Our living spaces influence IBD risk
Back in July, we reported on a population study that looked at the influence of rural and urban environments on IBD.
While there was already evidence from several individual studies and a systematic review, pointing at the role of our living spaces on the chances of developing IBD, there were inconsistencies between the different study designs.
The research — which was led by Dr. Eric I. Benchimol, an associate professor at the University of Ottawa in Canada — identified that living in a rural environment offered significant protection against IBD, particularly in those below the age of 18.
The study involved more than 45,000 people, of which 14.6 percent lived in a rural postcode, and more people were city dwellers at the time that they received their IBD diagnosis.
In order to study the effect of early life exposure on subsequent IBD risk, Prof. Benchimol and his colleagues also assessed 331 rural IBD patients and compared them with 2,302 urban patients.
"Exposure to the rural environment from birth was consistently associated with a strong protective association with the development of IBD later in life, whether children were exposed continuously for 1 to 5 years from birth."
Prof. Eric I. Benchimol
He adds that "the mechanism by which rurality protects against IBD is uncertain, and may include dietary and lifestyle factors, environmental exposures, or segregation of individuals with different genetic risk profiles."
Inheritance, but not as we know it
Dr. Martin Blaser — a professor of medicine at the New York University School of Medicine in New York City — and team study the human microbiome. Previous work by Prof. Blaser and other groups indicates that antibiotics have a long-lasting effect and increase the level of risk of developing IBD that we inherit from our mothers.
The initial boost of microbes that we are exposed to at birth is crucial in getting our immune system off to a good start.
In a new study in Nature Microbiology, Prof. Blaser and colleagues found that it is not the antibiotics per se that cause an increase in IBD risk. Rather, antibiotic use changes the mother's microbiome, which is then passed to the baby at birth.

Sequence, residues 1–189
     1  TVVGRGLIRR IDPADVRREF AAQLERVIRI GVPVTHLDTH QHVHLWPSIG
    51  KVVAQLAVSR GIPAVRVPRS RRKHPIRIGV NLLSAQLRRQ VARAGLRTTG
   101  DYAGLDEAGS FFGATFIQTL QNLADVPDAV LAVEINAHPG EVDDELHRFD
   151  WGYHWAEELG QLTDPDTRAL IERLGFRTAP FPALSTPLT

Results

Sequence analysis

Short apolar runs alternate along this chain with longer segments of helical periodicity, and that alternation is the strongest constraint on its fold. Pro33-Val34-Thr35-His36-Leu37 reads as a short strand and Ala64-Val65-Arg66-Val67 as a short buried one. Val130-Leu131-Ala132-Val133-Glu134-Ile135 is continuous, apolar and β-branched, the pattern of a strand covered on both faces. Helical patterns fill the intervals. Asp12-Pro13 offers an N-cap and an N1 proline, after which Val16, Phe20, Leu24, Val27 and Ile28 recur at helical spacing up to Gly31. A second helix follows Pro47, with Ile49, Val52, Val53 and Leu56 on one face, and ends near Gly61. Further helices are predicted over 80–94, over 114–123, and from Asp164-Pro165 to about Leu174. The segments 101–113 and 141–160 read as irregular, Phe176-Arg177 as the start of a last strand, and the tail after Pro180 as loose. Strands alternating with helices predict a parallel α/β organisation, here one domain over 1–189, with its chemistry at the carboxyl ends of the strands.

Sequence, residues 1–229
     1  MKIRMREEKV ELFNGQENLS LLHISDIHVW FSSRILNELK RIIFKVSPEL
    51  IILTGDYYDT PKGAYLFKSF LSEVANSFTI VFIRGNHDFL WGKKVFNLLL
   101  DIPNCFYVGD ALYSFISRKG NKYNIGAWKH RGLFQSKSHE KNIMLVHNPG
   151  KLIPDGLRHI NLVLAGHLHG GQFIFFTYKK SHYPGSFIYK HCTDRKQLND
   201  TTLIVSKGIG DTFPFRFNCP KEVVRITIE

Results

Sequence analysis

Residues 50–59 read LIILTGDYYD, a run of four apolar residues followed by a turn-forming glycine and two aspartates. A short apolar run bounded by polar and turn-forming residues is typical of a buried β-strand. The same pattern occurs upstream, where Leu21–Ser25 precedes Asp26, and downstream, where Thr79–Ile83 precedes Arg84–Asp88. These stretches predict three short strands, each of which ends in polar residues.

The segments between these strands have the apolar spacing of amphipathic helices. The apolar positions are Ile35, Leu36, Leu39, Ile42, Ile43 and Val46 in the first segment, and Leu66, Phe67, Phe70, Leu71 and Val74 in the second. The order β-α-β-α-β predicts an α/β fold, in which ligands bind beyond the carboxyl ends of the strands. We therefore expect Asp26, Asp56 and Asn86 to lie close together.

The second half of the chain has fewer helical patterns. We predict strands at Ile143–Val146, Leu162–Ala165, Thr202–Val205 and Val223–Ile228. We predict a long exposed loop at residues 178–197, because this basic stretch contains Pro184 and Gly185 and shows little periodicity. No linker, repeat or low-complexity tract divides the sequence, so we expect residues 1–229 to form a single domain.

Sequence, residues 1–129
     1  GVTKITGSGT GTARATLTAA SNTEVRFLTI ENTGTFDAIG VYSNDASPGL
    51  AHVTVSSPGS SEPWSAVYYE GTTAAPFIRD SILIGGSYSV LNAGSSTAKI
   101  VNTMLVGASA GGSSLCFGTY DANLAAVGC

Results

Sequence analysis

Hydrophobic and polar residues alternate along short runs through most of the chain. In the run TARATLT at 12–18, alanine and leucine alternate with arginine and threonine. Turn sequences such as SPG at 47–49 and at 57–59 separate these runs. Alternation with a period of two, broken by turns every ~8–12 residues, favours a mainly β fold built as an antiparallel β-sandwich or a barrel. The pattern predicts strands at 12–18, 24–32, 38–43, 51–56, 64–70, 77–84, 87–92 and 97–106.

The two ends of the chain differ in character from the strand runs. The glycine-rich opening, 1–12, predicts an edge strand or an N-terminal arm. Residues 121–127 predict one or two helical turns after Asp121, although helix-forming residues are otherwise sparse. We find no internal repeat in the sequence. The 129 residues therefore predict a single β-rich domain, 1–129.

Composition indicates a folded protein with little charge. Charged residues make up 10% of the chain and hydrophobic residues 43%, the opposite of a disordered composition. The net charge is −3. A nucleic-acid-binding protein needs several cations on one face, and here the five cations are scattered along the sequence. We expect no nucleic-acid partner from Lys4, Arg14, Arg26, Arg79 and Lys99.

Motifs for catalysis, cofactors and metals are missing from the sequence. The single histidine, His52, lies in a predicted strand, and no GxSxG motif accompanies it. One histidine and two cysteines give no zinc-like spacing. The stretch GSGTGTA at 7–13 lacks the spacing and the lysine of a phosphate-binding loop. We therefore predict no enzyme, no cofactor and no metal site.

"Our results provide strong evidence that antibiotics change the baby's inherited microbial communities with long-term disease consequences, which is especially important given the widespread use of antibiotics in young women before and during pregnancy."
Prof. Martin Blaser
Mice that were genetically engineered to carry increased susceptibility to ulcerative colitis showed a 55-fold increase in bowel inflammation when they inherited their mother's antibiotic-treated gut bacteria.
This means that mothers can pass on an increased risk of developing IBD to their children not via their genes, but via their own microbiome.
"The basis for inheritance of IBD might possibly be quite different from what we had been thinking for many years," explains Prof. Blaser.
What does the future hold?
Prof. Kaplan concludes his article by saying, "[T]he changing global burden of inflammatory bowel disease during the next decade will require a two-pronged solution that involves research into interventions to prevent inflammatory bowel disease and innovations in the delivery of care to patients with inflammatory bowel disease."
By combining the research efforts of geneticists, epidemiologist, microbiologists, physicians, and pharmaceutical scientists, we will hopefully get to the bottom of the many factors that influence whether a person develops IBD.
Armed with this knowledge, we can look to new treatments and technologies that aim to address the underlying disease pathways, and — crucially — the environmental and lifestyle factors that clearly contribute to inflammatory bowel diseases.